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Posts Tagged ‘arianna huffington’

I find this passage from Arianna Huffington’s old article “Bernard Levin remembered” rather poignant for several  reasons. The italics are mine.

We started a relationship which was to last until the end of 1980, when I left London to move to New York. And he was, in many ways, the reason I left London. I was by then 30, still deeply in love with him, but longing to have children. He, on the other hand, never wanted to get married or have children. What was touching is that he saw this not as a badge of independence and freedom but as a character flaw, almost a handicap. As he wrote in 1983 in his book “Enthusiasms”, which he movingly dedicated to me even though we were no longer together: “What fear of revealing, of vulnerability, of being human, grips us so fiercely, and above all why? What is it that, down there in the darkness of the psyche, cries its silent No to the longing for Yes?” It was a No that often coincided with retreating into depression — the “black dog” that he described as “that dark lair where the sick soul’s desire for solitude turns into misanthropy.”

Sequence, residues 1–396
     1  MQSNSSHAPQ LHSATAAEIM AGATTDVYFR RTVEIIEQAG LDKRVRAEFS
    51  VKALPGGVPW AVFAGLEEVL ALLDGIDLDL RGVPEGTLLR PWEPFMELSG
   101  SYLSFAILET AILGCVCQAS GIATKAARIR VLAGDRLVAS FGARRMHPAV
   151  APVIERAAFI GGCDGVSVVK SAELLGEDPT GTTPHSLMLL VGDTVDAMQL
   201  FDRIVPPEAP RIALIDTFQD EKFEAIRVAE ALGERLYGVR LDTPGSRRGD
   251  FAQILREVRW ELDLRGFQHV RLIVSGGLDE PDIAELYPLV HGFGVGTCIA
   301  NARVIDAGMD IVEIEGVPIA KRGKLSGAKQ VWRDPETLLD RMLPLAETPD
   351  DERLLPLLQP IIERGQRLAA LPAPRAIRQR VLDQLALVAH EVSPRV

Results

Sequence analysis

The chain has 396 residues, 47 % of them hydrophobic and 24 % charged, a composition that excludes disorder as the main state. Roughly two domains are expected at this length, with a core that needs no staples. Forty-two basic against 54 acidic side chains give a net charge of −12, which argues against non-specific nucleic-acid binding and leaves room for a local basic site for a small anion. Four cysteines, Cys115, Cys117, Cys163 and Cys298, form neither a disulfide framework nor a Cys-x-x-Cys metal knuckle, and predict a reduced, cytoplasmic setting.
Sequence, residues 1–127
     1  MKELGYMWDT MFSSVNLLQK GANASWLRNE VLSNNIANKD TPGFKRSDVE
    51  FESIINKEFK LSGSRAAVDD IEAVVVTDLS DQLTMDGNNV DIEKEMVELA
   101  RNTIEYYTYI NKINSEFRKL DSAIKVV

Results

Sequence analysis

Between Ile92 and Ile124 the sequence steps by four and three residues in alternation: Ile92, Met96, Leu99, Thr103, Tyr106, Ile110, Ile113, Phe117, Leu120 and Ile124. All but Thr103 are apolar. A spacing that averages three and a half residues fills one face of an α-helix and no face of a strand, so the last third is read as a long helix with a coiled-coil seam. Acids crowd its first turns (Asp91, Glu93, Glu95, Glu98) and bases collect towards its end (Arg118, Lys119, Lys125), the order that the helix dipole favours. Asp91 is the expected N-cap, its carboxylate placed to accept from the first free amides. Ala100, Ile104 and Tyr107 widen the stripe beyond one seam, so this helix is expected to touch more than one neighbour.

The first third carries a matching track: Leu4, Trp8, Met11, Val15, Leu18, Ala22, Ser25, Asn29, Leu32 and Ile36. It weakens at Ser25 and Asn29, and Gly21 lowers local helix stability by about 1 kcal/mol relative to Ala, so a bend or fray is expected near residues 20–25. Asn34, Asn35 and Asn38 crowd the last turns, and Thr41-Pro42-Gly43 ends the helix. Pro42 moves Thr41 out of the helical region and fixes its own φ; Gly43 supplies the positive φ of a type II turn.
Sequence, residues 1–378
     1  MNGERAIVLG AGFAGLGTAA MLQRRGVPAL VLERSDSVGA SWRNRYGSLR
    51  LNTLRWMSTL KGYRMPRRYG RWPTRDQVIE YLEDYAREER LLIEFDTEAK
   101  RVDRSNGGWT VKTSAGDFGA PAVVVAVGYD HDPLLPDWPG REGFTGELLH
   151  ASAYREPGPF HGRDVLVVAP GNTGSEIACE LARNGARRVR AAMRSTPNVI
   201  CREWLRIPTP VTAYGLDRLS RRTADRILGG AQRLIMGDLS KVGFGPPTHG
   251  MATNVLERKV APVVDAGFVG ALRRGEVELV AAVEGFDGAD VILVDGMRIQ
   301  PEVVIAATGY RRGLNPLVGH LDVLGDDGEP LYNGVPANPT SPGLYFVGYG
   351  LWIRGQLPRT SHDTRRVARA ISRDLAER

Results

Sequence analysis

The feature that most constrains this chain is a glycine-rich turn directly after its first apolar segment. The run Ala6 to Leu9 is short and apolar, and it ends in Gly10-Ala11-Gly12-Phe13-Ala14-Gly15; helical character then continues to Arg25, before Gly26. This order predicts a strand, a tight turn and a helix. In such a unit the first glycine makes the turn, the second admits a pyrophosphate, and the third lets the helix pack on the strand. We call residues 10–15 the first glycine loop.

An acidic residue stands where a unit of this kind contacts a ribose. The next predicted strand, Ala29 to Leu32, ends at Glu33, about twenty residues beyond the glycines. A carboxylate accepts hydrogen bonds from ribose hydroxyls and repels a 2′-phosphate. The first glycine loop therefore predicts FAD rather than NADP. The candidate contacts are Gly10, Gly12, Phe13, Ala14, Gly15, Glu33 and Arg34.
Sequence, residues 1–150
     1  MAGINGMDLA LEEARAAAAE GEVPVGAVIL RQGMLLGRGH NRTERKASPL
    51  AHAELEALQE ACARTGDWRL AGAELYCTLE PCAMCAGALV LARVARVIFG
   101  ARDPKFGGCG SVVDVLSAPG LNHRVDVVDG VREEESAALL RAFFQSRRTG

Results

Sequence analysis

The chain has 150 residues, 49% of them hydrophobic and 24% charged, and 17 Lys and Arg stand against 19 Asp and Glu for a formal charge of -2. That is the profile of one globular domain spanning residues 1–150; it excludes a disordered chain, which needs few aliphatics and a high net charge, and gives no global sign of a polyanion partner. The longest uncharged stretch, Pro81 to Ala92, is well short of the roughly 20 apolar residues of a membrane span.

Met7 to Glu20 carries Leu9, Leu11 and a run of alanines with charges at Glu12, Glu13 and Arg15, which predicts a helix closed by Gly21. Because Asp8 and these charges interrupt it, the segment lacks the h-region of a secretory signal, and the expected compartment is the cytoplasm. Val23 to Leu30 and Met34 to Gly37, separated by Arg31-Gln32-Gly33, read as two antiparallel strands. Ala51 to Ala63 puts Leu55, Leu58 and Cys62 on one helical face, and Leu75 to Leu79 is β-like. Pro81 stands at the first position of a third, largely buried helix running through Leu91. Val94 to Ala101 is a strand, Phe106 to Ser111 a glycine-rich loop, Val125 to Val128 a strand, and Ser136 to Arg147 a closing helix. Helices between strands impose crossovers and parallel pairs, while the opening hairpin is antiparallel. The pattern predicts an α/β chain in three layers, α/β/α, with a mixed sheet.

The whole article is in fact extremely touching, as I suspect such things often are. Read it.

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Arianna Huffington’s latest article condemning laissez-faire as a failed philosophy hits all the right lefty notes. Parts of it almost seem lifted from Obama’s election rhetoric. Not wholly unexpected from a woman who once proclaimed that she only texts three people: her two teenage children and Barack Obama.

Actually, Huffington’s piece is so bad that it almost reads like a self-parody. From her depiction of Bush — a man who oversaw the biggest regulatory expansion since Nixon — as the ultimate free market champion to her refusal to even attempt any kind of analysis,  Huffington reveals herself, like so many others, as a person blinded by her love for the echo chamber she lives in. Naomi Klein’s terrible book which conveniently lumped together all her enemies into an undefinable mass that she could pummel still made a basic, incontrovertible point — times of crisis give those in power an opportunity to extend their sway. Even the Times article Huffington so approvingly links to contains some redeeming features — interesting quotes, lots of relevant history, a (correct) indictment of Bush’s disastrous home-ownership-at-all-costs policy — that make it a good read. Articles by Krugman and Stiglitz, despite their obvious bias often bordering on intellectual dishonesty, usually contain one or two nuggets of truth. Huffington’s piece, full of huffy moralizing and utter lack of intellectual depth, makes you wonder why you just gave up two minutes of your life.

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